We know negative factors can lower our intelligence so can adding positive factors make us smarter? It’s worth a try.
Still don’t know all the answers, but I’m going with this, intelligence shouldn’t be measured in how smart you can be on a test, but about how you can use your smarts. By Jove, I think I’ve got it!
Here in Canada we have Thanksgiving in October, weeks before Halloween…go figure.
A few things I know and things I’m thankful for, including but not limited to:
1. Happiness can be…a smile, a furry friend, snowflakes dancing against the darkness, absorbing books, family, friends, a movie that makes you laugh and cry, a TV show where you can’t wait for the next episode, a cozy bed, chocolate melting on your tongue, a slow dance, walking in the Fall and more.
2. Those who believe in fate or faith should never look both ways or check an expiry date.
3. Fear is more contagious than any disease and stronger than an army.
4. People make choices. How you feel about those choices or the consequences has little or no bearing. Really.
5. The Earth will still be here in one form or another after we’re gone.6. Everyone has their own window on the world, with it’s own screen. You can’t make someone see through your screen and it’s impossible to see through theirs.
7. You can’t walk away from yourself the way you walk away from other people. If you’re going to stay, play nice.
8. Truth can be painful and can take you places you may not wish to go. Go anyway.
9. Even the most basic beliefs about reality aren’t true alone, our thinking makes them true in our experience. Hopefully this isn’t true about zombies.
10. We forget. Our mind is designed to remember and to forget, but too often we forget when someone has been there for us or not. Don’t forget.
I’m thankful my son makes me laugh and vice versa.
Thankful for family, friends, and virtual friends.
Thankful for things that keep my weary mind amused.
Thankful for what I’ve had, what I’ve lost, what I might have.
Thankful I know enough to be thankful.
I’m not going to wax poetic about Leonard Cohen, he can do that himself, through his music.
These are the 5 of his songs I love:
1. Everybody Knows (made famous in Pump Up the Volume). To me, an echoing voice of many generations, still calling vainly through the haze of lies and corruption.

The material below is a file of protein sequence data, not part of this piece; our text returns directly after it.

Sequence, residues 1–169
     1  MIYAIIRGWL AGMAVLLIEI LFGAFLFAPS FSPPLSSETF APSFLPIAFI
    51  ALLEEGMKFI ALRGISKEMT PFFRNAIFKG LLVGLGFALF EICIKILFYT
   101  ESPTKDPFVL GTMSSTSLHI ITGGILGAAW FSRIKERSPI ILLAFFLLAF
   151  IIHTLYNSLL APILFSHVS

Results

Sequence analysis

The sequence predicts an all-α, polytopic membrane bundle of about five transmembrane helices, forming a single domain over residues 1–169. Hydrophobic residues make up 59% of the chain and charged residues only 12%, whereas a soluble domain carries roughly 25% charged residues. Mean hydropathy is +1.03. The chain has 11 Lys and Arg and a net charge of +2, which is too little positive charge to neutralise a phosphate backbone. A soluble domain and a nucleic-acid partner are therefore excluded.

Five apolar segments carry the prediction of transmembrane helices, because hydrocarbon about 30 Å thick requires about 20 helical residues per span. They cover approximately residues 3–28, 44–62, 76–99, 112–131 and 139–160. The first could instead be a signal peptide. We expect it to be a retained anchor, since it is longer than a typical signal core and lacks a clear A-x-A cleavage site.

2. First We Take Manhattan. This song got in my head and has never left; such unprocessed intensity it thrashes around still begging for answers.
3. Hallelujah. First heard in my teen angst years and can sometimes evoke a tear or two as the truth struggles through. Hundreds of versions later, my favs remain by: Jeff Buckley, John Cale, and Mr. Cohen, sorry Bono, yours sucked. Long before Shrek, this was classic.
4. Who By Fire. A prayer by another other name. I might just be reading into this, but I always felt it was about atonement, an expiational yearning, of sorts.
5. Avalanche. Evocative articulation about depression.
I don’t dislike the rest of Cohen’s work, it just doesn’t affect me the way the aforementioned songs do. I’ve seen him in concert several times, I even sat with him once many years ago, in a group. I felt questions bubbling up, but rarely spoke; being a writer and pedantic poet I found myself enjoying just listening to one so exquisitely arcane.
I’m always interested to see what others read into this abstruse artist. There are so many interpretations of his work. I dove into the book, Leonard Cohen and Philosophy: Various Positions, edited by Jason Holt (Open Court), from the Popular Culture and Philosophy series with a keenness that was repaid in full by cool and thought-provoking scrutiny of Cohen’s creations. I revisited some of his songs, to hear what these philosophers had heard. I still didn’t always hear it, but I thank them for their considered analysis. After many decades of listening to Mr. Cohen I realize that reconciling what people say and what they do may remain an eternal mystery…doesn’t mean I have to quit trying.